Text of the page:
Slaughter: My family has always been my support. They’re like, “You can do it!” or “Did you draw today?” It was more so doing the research myself and then constantly pushing myself, and that was the hardest part. So, that’s where I lack sometimes, just not knowing the resources, not knowing where to look – just not knowing anything. … I felt lost a lot of times, and I still feel lost a lot of times. Now, I’m not afraid to say I’m lost. I’m not afraid to reach out for help. I just want all the knowledge that I can get.
So, the people that I meet who are artists, I try to keep in contact. I try to network. I just try to figure out how they went about doing it, what they’re doing and what I can incorporate in my own career and my own path. That’s really what I’ve been doing, and I’ve been trying to keep going. I always have something going on.
The Real Chi: And what’s been your biggest challenge?
Slaughter: Just the whole finding a job thing. I was kind of depressed for awhile. That was before I took the class [at the Urban Art Retreat Center]. I love art, but I wasn’t trying to do it, especially after I graduated. I applied to so many jobs, and I got so many rejection letters because I didn’t have any experience to work.
The Real Chi: What did you learn from that experience?
Slaughter: I work at a transitional living facility for teenagers. They’re like 17 through 20. So, once you turn 21, you’re emancipated. I try to tell them just keep going because I wish that’s what I did.
I’m going now, but at one point, for a year, I stopped. I stopped trying to push myself. I stopped trying to motivate myself. I was just in this little box, and I was kind of depressed. And I was like, ‘No.’ It took awhile for me to get out of there. … That was like the worst part. Just that getting off my little depression and not continuing what I love doing.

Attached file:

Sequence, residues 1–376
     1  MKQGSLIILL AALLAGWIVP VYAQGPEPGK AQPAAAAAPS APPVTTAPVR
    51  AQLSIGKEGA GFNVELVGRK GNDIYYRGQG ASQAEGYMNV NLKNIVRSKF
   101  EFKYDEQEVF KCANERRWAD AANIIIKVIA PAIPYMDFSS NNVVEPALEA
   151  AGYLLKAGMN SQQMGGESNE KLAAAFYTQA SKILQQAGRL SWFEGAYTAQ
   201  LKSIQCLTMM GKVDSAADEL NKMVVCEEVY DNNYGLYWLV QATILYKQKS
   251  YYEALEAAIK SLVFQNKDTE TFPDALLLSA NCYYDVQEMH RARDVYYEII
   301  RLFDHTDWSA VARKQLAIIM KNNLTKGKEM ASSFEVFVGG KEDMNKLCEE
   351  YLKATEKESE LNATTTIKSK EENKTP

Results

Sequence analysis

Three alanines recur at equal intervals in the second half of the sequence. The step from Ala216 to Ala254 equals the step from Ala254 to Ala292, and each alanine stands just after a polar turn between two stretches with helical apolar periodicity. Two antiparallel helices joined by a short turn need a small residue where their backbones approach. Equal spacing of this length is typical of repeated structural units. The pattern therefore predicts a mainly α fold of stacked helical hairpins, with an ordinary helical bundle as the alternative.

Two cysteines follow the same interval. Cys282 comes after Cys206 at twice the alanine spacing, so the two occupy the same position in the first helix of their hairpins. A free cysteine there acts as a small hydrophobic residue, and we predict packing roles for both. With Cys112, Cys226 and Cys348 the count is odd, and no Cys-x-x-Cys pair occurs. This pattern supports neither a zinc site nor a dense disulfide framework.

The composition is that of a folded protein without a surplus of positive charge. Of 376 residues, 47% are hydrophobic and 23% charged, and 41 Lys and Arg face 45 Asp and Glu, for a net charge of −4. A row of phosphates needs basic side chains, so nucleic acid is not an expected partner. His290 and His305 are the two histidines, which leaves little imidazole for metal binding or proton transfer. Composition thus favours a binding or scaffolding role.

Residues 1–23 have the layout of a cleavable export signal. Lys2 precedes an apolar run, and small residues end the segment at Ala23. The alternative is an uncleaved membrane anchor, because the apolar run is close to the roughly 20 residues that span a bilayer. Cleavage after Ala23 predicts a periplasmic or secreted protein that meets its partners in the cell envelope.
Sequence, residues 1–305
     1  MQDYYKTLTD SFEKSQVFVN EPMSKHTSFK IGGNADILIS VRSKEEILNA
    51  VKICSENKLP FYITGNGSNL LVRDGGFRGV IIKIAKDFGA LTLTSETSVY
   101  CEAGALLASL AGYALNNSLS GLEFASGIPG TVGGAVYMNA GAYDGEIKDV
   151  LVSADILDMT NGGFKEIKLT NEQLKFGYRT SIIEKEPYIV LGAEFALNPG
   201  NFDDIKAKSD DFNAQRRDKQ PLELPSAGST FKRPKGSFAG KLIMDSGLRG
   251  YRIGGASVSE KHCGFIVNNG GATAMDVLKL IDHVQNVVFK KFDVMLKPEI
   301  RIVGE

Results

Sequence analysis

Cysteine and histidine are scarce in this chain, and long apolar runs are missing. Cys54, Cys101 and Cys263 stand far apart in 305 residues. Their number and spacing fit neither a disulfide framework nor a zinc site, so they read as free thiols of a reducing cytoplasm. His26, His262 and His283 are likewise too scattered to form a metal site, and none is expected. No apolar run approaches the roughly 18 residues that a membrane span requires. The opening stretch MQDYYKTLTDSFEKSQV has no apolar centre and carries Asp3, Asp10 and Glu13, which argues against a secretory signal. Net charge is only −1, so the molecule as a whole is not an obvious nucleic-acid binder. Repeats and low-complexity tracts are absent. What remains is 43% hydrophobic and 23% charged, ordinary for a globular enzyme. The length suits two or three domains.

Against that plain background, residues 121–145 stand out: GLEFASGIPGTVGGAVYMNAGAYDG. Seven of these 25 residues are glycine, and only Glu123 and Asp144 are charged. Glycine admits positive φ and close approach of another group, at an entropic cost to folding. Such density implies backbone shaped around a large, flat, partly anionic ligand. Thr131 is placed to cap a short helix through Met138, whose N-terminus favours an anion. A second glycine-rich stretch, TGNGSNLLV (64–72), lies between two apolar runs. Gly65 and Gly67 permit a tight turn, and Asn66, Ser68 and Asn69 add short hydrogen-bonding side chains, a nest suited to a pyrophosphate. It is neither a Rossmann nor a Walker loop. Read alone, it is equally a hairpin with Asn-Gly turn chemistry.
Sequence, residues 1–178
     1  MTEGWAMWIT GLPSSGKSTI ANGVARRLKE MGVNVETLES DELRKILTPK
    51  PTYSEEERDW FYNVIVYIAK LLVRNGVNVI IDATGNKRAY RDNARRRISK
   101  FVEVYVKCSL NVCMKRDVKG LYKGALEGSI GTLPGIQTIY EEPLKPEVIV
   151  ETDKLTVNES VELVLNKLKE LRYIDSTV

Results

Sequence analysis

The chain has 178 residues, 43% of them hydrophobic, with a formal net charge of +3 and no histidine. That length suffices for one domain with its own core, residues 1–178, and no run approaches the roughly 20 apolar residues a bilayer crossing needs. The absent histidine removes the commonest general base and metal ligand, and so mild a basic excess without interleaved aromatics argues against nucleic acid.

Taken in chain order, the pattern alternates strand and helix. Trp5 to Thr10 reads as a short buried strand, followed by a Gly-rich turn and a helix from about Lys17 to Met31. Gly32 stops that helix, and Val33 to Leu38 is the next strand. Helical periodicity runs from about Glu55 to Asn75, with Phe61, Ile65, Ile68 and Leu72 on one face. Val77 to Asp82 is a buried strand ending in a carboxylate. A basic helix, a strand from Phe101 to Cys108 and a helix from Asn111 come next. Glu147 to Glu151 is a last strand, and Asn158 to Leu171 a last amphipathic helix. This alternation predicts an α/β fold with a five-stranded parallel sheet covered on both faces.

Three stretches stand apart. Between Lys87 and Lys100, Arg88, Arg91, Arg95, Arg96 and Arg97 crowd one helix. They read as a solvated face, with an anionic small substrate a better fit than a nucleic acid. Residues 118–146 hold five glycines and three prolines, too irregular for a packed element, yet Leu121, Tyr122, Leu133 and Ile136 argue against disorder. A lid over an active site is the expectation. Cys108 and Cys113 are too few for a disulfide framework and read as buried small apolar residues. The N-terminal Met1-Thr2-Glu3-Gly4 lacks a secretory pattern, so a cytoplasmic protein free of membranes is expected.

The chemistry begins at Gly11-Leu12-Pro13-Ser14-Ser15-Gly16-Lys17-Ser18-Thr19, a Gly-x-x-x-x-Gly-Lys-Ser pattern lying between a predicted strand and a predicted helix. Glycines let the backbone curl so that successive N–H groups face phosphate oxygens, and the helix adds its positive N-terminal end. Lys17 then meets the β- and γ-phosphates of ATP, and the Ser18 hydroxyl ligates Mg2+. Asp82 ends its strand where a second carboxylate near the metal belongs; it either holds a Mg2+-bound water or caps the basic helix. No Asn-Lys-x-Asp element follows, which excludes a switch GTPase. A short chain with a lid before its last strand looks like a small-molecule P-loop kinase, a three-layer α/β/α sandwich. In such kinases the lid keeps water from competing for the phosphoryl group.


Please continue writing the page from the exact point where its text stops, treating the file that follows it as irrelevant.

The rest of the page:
The Real Chi: So, how did you bounce back?
Slaughter: Taking the class at the Urban Art Retreat. That kind of opened the doors. And then, I started to do a lot of volunteering. The place I volunteered at was the South Side Community Art Center on 48th and Michigan. I volunteered there for a year straight. Volunteering there, I met a lot of people. I networked a lot. And then, I met this lady right here – Dorian Sylvain. She’s an artist. She introduced me to the Hyde Park Art Center, so I also work there too. That opened that door, and I met more people at the Hyde Park Art Center.
That’s kind of how I started coming out of that little hole. Just networking, volunteering. A lot of people don’t want to volunteer, but I feel it helped me a lot and just know what’s going on in art and try get into that little bubble.
The Real Chi: You’re diving back into your art career and building yourself back up. So, what’s something you’ve discovered about yourself?
Slaughter: It’s more realizing something — that my work is good. That I can do whatever I set my mind to. That it’s OK to talk about yourself and to tell people what you’ve accomplished because I always didn’t want to do that.
I didn’t want to be showy, but now, it’s like, “What do you want to know?” I think it’s confidence, too. It’s better than it was prior. That’s another thing I’ve learned about myself.
The Real Chi: Where do you see yourself?
Slaughter: If I can do this full time and be able to sustain myself, I would love that. I want to travel, maybe do shows out of town. Do a project out of town, or out of the country that would be more awesome. I just want to expand and get my name out there.
The Real Chi: What advice do you have for younger artists?
Slaughter: Keep going. Keep drawing. Practice. That’s what people used to tell me all the time. Just practice, practice, practice. Draw everything. Draw a pencil on the table. Own your craft, and try to get your work out there. They have youth shows, no matter what level you are. Don’t be afraid to just put it out there because you don’t know what people’s response may be.
Andrea Slaughter will be a guest artist at Caldwell’s Wellness Center, 5835 W. Madison St., on Friday, Oct. 12. The event will start at 7:30 p.m. and is to also include a performance by singer and comedian Kilpatrick Taylor. For more information, view the details here.